Prof. Gil Seinfeld (Michigan) writes at the Michigan Law Review First Impression about his experiences as one of Justice Scalia’s liberal “counter-clerks” during the OT 2002 term. In particular, he discusses his involvement in two important cases decided that term.
First, with respect to Lawrence v. Texas, he asked the Justice to be excused from any involvement in the case:
The Court decided Lawrence v. Texas that year, which raised the question of whether a Texas law criminalizing homosexual sodomy was constitutional. The majority said no and, predictably, in an opinion seething with bitterness and hostility, Justice Scalia dissented.
Even before I read the Justice’s opinion, I knew I’d want no part of it. I didn’t want to help hone the Justice’s arguments or improve his prose. I didn’t even want to point out a typo or a citation error. I remember wavering between two possible courses of action. One option was to fake it. I could read the draft (or not), claim to have found no warts and to have no suggestions, and just pass it along to the next guy. The other was to ask the Justice for permission to sit this one out. I chose the latter.
I do not remember exactly what the Justice said to me when I came to him with this request, but I remember that it went well. I remember that he communicated that he understood why I wanted to opt out and that he had no problem with it. And I remember that I made it through the rest of the clerkship without a shred of concern that the Justice bore ill feelings about the whole thing.
Second, he discussed Grutter and Gratz, and how he was disappointed that Justice Scalia did not use originalism to counter the argument that during Reconstruction, Congress enacted many race-conscious laws.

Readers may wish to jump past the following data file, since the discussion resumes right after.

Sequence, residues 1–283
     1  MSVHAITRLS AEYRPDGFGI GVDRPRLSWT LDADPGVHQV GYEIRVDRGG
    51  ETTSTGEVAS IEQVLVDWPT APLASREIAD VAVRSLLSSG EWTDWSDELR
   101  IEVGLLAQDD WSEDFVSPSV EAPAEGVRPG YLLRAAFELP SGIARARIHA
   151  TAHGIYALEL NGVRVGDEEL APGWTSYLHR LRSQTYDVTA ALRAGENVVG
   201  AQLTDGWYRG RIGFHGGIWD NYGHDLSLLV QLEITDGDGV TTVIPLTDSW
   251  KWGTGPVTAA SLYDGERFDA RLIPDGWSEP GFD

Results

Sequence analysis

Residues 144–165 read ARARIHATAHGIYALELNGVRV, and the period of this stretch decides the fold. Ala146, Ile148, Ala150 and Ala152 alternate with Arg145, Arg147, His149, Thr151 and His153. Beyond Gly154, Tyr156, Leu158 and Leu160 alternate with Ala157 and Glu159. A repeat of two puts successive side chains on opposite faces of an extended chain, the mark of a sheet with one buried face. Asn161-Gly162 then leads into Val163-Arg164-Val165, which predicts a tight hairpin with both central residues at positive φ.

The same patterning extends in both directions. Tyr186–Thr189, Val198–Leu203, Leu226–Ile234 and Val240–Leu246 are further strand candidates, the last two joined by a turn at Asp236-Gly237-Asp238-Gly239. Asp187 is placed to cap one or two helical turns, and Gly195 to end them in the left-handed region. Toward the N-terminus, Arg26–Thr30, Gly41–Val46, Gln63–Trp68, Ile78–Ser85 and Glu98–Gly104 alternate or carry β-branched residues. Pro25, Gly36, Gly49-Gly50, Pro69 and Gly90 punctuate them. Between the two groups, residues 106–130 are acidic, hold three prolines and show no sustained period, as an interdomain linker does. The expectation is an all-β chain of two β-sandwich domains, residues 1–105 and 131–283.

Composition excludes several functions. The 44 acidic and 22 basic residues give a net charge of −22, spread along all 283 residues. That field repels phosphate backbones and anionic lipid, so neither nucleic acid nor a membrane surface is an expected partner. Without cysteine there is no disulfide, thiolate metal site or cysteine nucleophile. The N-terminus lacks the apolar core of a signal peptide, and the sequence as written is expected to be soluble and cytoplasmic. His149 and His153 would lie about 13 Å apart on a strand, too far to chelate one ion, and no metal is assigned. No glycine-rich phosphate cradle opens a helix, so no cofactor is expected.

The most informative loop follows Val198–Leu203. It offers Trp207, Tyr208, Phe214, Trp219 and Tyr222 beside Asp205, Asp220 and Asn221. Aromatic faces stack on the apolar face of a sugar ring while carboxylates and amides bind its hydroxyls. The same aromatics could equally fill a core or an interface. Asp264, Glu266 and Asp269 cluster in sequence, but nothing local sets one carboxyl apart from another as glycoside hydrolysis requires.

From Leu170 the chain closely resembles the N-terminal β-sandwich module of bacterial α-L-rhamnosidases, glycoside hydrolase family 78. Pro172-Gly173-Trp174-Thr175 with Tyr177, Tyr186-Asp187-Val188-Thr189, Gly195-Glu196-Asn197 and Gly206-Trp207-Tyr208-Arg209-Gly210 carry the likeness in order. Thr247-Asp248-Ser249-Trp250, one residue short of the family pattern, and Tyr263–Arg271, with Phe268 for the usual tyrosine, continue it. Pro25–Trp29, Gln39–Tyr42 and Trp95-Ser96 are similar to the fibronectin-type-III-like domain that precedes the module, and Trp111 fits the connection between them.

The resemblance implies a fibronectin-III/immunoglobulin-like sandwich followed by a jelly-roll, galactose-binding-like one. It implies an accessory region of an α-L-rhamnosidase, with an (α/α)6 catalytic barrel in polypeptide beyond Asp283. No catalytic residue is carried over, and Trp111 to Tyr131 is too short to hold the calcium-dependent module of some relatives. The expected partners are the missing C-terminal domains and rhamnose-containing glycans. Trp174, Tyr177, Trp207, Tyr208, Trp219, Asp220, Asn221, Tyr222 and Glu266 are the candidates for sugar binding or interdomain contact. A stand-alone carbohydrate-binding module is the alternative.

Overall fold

It was with particular interest, then, that I considered my role as a counterclerk in connection with two of the blockbuster cases on the docket during October Term 2002: Grutter v. Bollinger and Gratz v. Bollinger. Those cases involved equal protection challenges to the affirmative action policies employed by the University of Michigan in connection with law school (Grutter) and undergraduate (Gratz) admissions. I tended to agree with the views of the Justice’s critics with respect to the invisibility of originalist analysis in Croson and Adarand. And it seemed to me that, if ever there was a time for a Scalia counterclerk to perform his unique duty, this was it.
If the Justice could show why the measures enacted by Reconstruction era Congresses were inapposite to the question of whether modern affirmative action policies are permissible under the Fourteenth Amendment, so be it. If there was evidence that courts were skeptical of Reconstruction era legislation that conferred benefits exclusively on blacks, fine. Or, if the Justice felt that his commitment to originalist constitutional interpretation ought to give way to other considerations, he could identify those considerations and explain his position. But if he could not do any of these things, it seemed to me, the Justice needed to be on the other side of these cases. And I told him so.
If my intervention was of any consequence, it is not reflected in the opinions in Grutter or Gratz. In the former case, Justice Scalia penned a brief dissenting opinion and joined the dissenting opinions authored by the Chief Justice and Justice Thomas; in the latter, he joined the Chief Justice’s opinion for the Court. Not one of these opinions contains even a syllable of originalist argument.
Perhaps the Justice believed that the Court abandoned originalism in connection with race and equal protection inBrown v. Board of Education, and that there could be no turning back. Perhaps the Justice thought that the race-conscious measures enacted by the Reconstruction Congress were distinguishable from the sorts of affirmative action policies that came before the Court during his tenure, and that the historical record therefore did not speak clearly to the questions at hand. We do not know. His opinions shed no light on the matter. To me, at least, this is gravely disappointing, and it gives the lie to those who regard the Justice as an unfailing champion of adjudicative rectitude.
This is a position advanced by the Constitutional Accountability Center in both Fisher cases, and as far as I am concerned, there is still no originalist rebuttal to this point that I find compelling.